Author Archive

08
Aug

Do Elite Universities’ New Credentials Threaten Regional Colleges?

Written by Blog Editor. Posted in Academic News

The higher ed business model is actually pretty terrible.

Unfavorable demographic trends are causing enrollments to drop, particularly in the Midwest and the Northeast. To entice students, schools must discount tuition by an average of 50 percent.

Productivity gains are hard to come by in a people-centric business that is more craft than platform. The cost disease is real, and it hurts.

The one higher ed bright spot has been the master’s degree. Particularly professional master’s degrees.

Should colleges and universities be worried that alternative credentials, including professional certificates, are set to crack the golden master’s degree egg?

Will platforms that offer low-cost alternative credentials, such as Coursera and edX, end up cannibalizing the master’s programs that so many schools depend on to balance the books? Are we going to see a movement away from demand from entry into master’s programs from regional institutions, and toward enrollment in nondegree online programs from institutions with the most recognizable brands?

First, some background:

In my lifetime (I was born in 1969), the number of master’s degrees conferred every year by U.S. institutions has gone from just over 200,000 to almost 800,000 today. The most popular master’s degrees are in business (24 percent), followed by education (19 percent), health professions (14 percent), engineering (7 percent) and public administration/social services (6 percent).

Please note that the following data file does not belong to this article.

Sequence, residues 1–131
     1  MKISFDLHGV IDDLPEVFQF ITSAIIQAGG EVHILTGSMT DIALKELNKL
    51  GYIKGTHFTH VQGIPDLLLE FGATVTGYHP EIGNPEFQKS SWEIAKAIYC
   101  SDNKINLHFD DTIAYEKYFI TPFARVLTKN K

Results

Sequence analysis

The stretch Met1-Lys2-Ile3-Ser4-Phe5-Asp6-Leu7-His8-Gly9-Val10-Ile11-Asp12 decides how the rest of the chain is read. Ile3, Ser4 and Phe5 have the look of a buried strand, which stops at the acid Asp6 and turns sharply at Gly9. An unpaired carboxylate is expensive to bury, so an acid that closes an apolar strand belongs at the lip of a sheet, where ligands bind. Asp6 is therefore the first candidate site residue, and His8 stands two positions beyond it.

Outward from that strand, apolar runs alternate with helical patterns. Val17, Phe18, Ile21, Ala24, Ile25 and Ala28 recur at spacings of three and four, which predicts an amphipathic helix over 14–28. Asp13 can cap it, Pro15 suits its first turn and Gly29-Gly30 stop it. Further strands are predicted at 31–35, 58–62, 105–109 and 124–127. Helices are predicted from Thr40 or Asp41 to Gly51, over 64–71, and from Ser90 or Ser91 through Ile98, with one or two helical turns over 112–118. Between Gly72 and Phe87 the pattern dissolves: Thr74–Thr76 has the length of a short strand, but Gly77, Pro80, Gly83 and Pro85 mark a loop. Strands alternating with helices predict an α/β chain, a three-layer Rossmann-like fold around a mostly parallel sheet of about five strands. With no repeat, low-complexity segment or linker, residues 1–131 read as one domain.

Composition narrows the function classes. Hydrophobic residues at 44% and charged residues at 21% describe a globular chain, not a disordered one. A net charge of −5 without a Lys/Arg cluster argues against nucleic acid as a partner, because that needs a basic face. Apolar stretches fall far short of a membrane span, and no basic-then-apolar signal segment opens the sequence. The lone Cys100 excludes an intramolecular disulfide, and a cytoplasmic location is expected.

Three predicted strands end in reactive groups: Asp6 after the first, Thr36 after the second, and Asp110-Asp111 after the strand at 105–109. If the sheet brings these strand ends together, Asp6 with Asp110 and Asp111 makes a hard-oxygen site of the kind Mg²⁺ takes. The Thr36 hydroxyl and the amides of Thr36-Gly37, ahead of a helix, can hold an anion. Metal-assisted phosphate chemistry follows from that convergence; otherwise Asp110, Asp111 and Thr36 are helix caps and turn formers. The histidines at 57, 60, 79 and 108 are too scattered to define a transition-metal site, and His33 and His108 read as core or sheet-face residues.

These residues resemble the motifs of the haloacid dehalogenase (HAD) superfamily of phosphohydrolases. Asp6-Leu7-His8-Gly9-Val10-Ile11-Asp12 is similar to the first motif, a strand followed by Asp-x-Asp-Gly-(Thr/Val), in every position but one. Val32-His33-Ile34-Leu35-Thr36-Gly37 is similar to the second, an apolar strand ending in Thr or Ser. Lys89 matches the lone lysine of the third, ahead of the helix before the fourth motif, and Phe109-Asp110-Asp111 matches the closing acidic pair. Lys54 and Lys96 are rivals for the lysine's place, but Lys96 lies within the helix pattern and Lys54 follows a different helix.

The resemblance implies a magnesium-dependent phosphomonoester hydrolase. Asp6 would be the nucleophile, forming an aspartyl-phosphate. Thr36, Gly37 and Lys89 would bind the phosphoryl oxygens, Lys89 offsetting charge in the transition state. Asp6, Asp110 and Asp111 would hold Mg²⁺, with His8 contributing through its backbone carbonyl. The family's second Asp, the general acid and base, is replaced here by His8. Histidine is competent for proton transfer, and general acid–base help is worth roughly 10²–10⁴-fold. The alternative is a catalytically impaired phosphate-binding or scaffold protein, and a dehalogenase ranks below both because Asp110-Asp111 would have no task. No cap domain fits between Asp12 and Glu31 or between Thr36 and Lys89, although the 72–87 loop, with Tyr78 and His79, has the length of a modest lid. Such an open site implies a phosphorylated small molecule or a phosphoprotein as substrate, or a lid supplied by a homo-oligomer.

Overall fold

As Jon Marcus details in an article for the excellent Hechinger Report, master’s degrees have “become a cash cow for struggling colleges.” The amount of tuition discounting and financial aid that schools offer for master’s programs is much less than for undergraduates. Only about four in 10 master’s students receive any institutional financial aid, half that of undergraduates.

So master’s degrees matter a good deal for both tuition-dependent private institutions and state schools that are navigating public disinvestment.

We are also witnessing the acceleration of the transition from residential to online/low-residency master’s degrees. Graduate students are more than twice as likely to be enrolled in fully online programs (26 percent) as undergraduates (12 percent). While total enrollments have declined since 2012, from about 21 million to 20 million, graduate enrollments have remained more stable. (At least up until 2016.) The number of graduate students — mostly master’s students — whose program includes at least some online learning has increased from 865,000 to 1.1 million.

A few top 20 name-brand master’s programs will persist in being able to stay residential. The rest will move toward online. This is not a question of if, but when.

What is going to happen to all those business, education, health, engineering and public service master’s programs when a prospective student can get a professional certificate from an elite university? Are we headed toward a time when employers value the signal of an alternative credential from a top school as much as they do a master’s from a regional institution?